Nancy L. Saccone

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Excessive alcohol consumption is one of the leading causes of preventable death in the United States. Approximately 14% of those who use alcohol meet criteria during their lifetime for alcohol dependence, which is characterized by tolerance, withdrawal, inability to stop drinking, and continued drinking despite serious psychological or physiological(More)
Tobacco use is a leading contributor to disability and death worldwide, and genetic factors contribute in part to the development of nicotine dependence. To identify novel genes for which natural variation contributes to the development of nicotine dependence, we performed a comprehensive genome wide association study using nicotine dependent smokers as(More)
Nicotine dependence is one of the world's leading causes of preventable death. To discover genetic variants that influence risk for nicotine dependence, we targeted over 300 candidate genes and analyzed 3713 single nucleotide polymorphisms (SNPs) in 1050 cases and 879 controls. The Fagerström test for nicotine dependence (FTND) was used to assess(More)
OBJECTIVE A recent study provisionally identified numerous genetic variants as risk factors for the transition from smoking to the development of nicotine dependence, including an amino acid change in the alpha5 nicotinic cholinergic receptor (CHRNA5). The purpose of this study was to replicate these findings in an independent data set and more thoroughly(More)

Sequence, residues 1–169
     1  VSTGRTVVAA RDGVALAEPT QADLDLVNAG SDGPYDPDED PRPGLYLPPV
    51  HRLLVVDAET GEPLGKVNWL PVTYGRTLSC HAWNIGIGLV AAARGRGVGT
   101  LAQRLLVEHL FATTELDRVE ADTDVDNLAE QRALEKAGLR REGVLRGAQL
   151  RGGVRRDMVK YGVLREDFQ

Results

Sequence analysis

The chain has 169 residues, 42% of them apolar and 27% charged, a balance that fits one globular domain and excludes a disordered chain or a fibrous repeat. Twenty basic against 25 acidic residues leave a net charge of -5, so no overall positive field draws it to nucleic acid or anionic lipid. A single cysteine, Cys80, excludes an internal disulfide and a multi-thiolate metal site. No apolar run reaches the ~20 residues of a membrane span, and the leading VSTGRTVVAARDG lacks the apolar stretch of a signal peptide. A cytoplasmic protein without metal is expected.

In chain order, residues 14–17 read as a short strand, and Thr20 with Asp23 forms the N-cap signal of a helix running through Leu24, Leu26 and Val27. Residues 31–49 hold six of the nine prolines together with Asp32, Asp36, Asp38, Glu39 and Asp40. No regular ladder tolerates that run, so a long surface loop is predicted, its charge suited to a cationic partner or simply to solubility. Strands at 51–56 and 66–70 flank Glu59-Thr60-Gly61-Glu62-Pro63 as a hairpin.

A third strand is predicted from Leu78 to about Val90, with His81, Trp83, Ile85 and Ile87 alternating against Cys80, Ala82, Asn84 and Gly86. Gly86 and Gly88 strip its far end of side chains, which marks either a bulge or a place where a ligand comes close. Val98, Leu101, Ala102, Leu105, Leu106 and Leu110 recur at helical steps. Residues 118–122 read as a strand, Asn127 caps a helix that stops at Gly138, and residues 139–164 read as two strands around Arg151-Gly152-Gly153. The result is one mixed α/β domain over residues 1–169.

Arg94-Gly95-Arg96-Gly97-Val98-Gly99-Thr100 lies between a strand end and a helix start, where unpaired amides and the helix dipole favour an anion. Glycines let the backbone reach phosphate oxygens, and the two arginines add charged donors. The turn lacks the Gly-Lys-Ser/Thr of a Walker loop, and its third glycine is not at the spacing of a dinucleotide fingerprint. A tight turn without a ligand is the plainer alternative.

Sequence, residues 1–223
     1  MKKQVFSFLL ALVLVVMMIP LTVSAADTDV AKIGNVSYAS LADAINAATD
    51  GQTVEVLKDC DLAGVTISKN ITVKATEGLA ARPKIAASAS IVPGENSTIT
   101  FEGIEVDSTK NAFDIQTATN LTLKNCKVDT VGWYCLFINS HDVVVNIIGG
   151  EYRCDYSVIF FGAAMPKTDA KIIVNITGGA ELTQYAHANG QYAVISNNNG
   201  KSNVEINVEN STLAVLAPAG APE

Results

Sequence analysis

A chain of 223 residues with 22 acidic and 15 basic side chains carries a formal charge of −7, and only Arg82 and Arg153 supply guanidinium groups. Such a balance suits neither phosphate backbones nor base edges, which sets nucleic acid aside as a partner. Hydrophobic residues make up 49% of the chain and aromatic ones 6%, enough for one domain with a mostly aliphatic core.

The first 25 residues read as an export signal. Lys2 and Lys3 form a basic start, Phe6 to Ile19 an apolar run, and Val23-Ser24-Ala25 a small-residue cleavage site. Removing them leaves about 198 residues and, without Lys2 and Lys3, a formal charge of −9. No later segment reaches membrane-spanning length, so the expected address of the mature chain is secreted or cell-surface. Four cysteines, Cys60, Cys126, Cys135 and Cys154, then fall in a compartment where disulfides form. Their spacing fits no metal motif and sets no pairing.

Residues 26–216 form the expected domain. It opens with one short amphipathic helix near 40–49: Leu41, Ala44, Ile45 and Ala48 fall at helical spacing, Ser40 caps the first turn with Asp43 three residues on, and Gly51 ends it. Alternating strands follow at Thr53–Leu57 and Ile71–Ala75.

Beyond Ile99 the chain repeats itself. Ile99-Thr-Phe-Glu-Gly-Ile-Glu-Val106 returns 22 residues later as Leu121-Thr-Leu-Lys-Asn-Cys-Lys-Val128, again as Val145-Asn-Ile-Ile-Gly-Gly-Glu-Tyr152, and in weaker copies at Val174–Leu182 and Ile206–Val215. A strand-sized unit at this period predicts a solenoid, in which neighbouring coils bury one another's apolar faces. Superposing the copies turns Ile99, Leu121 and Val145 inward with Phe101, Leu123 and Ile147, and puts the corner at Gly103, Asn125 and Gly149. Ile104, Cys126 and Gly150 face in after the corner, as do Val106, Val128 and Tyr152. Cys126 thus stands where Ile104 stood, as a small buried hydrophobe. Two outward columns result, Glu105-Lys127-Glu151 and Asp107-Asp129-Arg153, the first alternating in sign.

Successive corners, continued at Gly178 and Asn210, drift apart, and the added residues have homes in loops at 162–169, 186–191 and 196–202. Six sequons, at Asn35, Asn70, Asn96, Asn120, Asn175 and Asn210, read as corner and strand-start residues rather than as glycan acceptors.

Genetic association studies have shown the importance of variants in the CHRNA5-CHRNA3-CHRNB4 cholinergic nicotinic receptor subunit gene cluster on chromosome 15q24-25.1 for the risk of nicotine dependence, smoking, and lung cancer in populations of European descent. We have carried out a detailed study of this region using dense genotyping in both(More)
Tobacco smoking continues to be a leading cause of preventable death. Recent research has underscored the important role of specific cholinergic nicotinic receptor subunit (CHRN) genes in risk for nicotine dependence and smoking. To detect and characterize the influence of genetic variation on vulnerability to nicotine dependence, we analyzed 226 SNPs(More)
Recently, genetic association findings for nicotine dependence, smoking behavior, and smoking-related diseases converged to implicate the chromosome 15q25.1 region, which includes the CHRNA5-CHRNA3-CHRNB4 cholinergic nicotinic receptor subunit genes. In particular, association with the nonsynonymous CHRNA5 SNP rs16969968 and correlates has been replicated(More)
The Collaborative Study on the Genetics of Alcoholism (COGA) is a multicenter research program to detect and map susceptibility genes for alcohol dependence and related phenotypes. The measure M of "maximum number of drinks consumed in a 24-hour period" is closely related to alcoholism diagnosis in this dataset and provides a quantitative measure to grade(More)
A genome-wide association study was performed to identify genetic factors involved in susceptibility to psoriasis (PS) and psoriatic arthritis (PSA), inflammatory diseases of the skin and joints in humans. 223 PS cases (including 91 with PSA) were genotyped with 311,398 single nucleotide polymorphisms (SNPs), and results were compared with those from 519(More)
Smoking is a highly heritable, addictive disorder that commonly co-occurs with alcohol dependence. The purpose of this study is to perform a genomic screen for habitual smoking and comorbid habitual smoking and alcohol dependence in families from the Collaborative Study on the Genetics of Alcoholism (COGA). Subjects were assessed using the Semi-Structured(More)